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I am a computer scientist, and I have contributed in building a strongly technical solution (cloud-based, scalable) for the computation of large data volumes in short time. Such platform offers services for non-IT users (e.g., a software suite to be used by people working in a bank), but it obviously has to be used by IT users too (that have to install, configure and maintain it for the non-IT users).

Now I have to validate my platform, in several terms (e.g., efficiency, cost, UX).

While it is clear to me how to validate services for non-IT users (e.g., via learnability or usability or understandability etc), it is not clear to me how to validate them for IT users. The measurements that I would like to perform are about:

  • is the user able to reconfigure the platform in a certain way that I suggest?
  • is the user able to understand how to use the interface for the configuration of the platform?
  • can the user understand the usage of each component of the platform?
  • is it difficult for the user to use and manage all the components?

I would say that this is about perspicuity, efficiency, dependability (as define here). However, I feel I am missing something important here. Could you help me in understand what is missing?

Thank you for your help.

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    I'd suggest that you validate learnability, usability, and understandability for IT users as well. – Ken Mohnkern Apr 4 '17 at 13:06
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  • General understanding (suitability for purpose, system requirements)
  • Installation
  • Configuration for purpose
  • Monitoring & bug reporting/fixing/workarounds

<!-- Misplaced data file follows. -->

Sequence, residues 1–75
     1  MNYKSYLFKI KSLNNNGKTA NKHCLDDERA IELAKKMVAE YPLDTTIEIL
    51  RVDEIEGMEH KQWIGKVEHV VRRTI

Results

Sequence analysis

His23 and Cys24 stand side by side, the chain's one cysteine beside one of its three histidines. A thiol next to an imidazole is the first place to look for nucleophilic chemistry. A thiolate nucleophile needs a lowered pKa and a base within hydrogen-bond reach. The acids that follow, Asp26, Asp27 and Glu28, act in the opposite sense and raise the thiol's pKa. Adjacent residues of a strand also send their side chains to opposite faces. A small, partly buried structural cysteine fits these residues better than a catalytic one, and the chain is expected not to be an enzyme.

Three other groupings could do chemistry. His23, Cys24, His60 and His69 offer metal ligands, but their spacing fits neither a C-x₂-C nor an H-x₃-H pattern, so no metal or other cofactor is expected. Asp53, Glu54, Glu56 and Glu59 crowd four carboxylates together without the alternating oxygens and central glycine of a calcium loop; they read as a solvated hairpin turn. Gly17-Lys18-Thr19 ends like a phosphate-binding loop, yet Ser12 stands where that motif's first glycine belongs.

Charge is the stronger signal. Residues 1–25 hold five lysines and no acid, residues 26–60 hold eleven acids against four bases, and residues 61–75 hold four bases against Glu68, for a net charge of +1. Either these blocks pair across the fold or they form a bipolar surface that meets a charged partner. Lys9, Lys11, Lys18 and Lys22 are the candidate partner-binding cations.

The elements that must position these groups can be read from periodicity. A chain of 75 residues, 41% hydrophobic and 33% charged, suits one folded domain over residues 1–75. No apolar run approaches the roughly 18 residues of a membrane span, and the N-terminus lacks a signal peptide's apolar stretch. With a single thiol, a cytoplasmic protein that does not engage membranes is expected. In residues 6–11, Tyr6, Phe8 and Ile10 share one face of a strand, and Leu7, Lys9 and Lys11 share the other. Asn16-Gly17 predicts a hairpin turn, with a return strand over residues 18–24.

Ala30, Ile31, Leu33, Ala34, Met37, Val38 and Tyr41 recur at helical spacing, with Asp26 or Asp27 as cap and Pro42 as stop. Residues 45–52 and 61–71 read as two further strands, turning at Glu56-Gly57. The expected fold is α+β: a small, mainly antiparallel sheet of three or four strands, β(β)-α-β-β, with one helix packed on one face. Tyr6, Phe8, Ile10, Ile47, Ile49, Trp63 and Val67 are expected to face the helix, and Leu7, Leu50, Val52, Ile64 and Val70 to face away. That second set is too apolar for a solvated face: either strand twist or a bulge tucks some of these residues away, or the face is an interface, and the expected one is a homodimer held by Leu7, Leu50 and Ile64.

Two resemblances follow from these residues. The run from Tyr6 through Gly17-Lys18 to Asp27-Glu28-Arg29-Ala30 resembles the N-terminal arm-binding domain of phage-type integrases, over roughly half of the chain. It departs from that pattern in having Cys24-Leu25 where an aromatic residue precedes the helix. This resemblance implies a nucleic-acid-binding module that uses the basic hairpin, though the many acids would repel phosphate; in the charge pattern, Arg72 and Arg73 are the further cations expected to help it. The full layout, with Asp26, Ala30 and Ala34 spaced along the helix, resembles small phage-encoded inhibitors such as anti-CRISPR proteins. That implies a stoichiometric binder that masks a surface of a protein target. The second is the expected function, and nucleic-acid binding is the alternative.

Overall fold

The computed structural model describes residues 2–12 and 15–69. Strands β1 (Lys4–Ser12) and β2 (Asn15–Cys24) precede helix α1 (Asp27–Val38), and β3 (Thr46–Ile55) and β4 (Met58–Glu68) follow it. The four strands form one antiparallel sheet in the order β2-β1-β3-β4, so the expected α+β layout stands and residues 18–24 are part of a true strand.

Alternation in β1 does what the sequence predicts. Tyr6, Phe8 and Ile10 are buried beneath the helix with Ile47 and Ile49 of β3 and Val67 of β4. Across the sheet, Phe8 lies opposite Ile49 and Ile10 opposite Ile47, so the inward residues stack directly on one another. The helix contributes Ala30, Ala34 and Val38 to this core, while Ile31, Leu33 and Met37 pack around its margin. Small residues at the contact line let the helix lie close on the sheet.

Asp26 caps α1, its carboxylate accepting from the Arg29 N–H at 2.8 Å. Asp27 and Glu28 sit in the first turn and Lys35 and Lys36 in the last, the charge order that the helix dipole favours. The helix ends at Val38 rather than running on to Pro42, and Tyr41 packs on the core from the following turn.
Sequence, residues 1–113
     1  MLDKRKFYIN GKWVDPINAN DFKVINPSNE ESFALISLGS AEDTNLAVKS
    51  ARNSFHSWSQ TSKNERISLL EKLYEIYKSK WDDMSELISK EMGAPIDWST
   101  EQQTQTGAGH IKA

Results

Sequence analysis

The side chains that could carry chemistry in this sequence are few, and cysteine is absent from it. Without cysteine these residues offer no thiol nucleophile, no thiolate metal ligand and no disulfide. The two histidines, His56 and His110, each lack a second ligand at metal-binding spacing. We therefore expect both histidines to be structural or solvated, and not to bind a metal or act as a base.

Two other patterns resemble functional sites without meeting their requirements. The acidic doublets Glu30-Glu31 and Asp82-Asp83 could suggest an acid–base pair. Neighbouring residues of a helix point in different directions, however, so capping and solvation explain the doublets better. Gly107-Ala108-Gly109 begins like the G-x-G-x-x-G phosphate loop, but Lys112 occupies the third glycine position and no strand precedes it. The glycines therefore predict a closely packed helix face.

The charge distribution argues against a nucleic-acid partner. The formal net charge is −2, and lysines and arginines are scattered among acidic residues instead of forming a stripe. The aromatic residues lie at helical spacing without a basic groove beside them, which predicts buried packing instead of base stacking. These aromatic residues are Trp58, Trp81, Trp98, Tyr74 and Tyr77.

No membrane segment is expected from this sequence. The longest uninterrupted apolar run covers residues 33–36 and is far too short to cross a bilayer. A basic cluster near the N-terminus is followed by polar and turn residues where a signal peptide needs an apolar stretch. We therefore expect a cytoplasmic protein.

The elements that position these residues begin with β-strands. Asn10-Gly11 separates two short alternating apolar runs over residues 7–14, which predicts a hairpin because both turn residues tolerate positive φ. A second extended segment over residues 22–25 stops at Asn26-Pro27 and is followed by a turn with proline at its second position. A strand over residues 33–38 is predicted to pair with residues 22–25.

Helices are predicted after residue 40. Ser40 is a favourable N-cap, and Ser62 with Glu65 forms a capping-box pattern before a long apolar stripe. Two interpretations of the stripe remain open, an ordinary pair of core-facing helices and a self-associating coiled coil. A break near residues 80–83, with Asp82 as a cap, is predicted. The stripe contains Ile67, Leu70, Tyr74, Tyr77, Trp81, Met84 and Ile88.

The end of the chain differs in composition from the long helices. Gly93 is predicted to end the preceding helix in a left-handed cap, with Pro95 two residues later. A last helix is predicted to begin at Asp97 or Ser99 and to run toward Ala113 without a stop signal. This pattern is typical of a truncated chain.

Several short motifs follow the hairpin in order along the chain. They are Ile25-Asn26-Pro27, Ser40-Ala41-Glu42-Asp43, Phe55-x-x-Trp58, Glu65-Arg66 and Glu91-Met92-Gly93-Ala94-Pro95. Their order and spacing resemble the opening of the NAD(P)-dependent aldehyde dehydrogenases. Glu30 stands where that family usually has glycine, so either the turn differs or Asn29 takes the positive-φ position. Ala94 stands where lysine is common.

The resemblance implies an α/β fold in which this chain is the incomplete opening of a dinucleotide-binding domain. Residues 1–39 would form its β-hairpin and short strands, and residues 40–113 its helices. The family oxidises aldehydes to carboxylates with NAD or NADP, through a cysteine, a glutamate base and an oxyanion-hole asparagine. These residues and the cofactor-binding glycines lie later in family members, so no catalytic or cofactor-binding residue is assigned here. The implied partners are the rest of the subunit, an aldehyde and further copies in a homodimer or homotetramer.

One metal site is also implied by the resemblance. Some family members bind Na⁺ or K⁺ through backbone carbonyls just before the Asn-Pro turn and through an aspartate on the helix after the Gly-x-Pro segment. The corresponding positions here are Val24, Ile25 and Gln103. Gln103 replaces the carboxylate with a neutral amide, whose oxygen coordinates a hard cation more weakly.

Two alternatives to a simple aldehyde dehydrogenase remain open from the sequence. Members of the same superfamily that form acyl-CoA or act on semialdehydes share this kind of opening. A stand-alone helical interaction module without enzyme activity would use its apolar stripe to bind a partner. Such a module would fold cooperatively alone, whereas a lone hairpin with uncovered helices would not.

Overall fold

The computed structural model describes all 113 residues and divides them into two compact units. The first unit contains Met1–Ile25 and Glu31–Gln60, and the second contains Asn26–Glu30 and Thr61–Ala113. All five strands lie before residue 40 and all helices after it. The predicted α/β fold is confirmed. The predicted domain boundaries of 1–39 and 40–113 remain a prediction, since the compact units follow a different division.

• Version upgrade

...seem to be the functions to be covered. You can test for technical people the same way you do for non-technical: only the content of the tests is different. Whether you're using paper protos or live software, set the person being tested a problem to solve, then watch how easily she/he solves it and where the hangs and backtracks are for him/her.

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Sometimes people don't know that your current users are not really the ideal users.

Think about it - if the solution was so easy a non-technical business person were able to do it, they would never need to involve a technical IT person. So maybe your solution is for the wrong person?

In any case your users are technical, but they are also humans, who may or may not know your solution, and will have specific needs and goals too. So validating them is no different to assessing anyone's needs. Just because they are technical doesn't mean the solution needs to be technical and/or difficult.

So you will be interested in a number of thing:

  • Learn-ability (how quickly do they get up and running from cold?)
  • Frequency of Task (do they do this all the time, or is this something they only do once a year, where they need to relearn each time?)
  • Time on Task (are you making this better or worse than before?)
  • Task Completion (are people failing to complete tasks? What do they do when they fail? Does it cost you when they fail?)

Remember that the ultimate goal of what you are doing is to appease some stakeholder who doesn't think like you - they think in terms of money, so everything you do should be converted into the money-saved or money-earned.

The data from monitoring these things and converting them to 'money saved' (or 'money earned') via time saved, can now be used to prove things are better than before, irrespective of what type of user is the focus.

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IT user is yet another role you want your product to solve for. Because of that, apply the same UX/quality/performance metrics as for non-IT-Users.

The UEQ page you linked to, presents you with metrics. I feel that what you're missing is what to apply those metrics upon.

You have a good gut feeling of asking those questions like "is the user able to...". To understand what needs to get captured in terms of UX, start with creating a prioritized list of what the product really solves for.

One of the techniques you may find useful for that is Jobs To Be Done: https://blog.intercom.com/using-job-stories-design-features-ui-ux/

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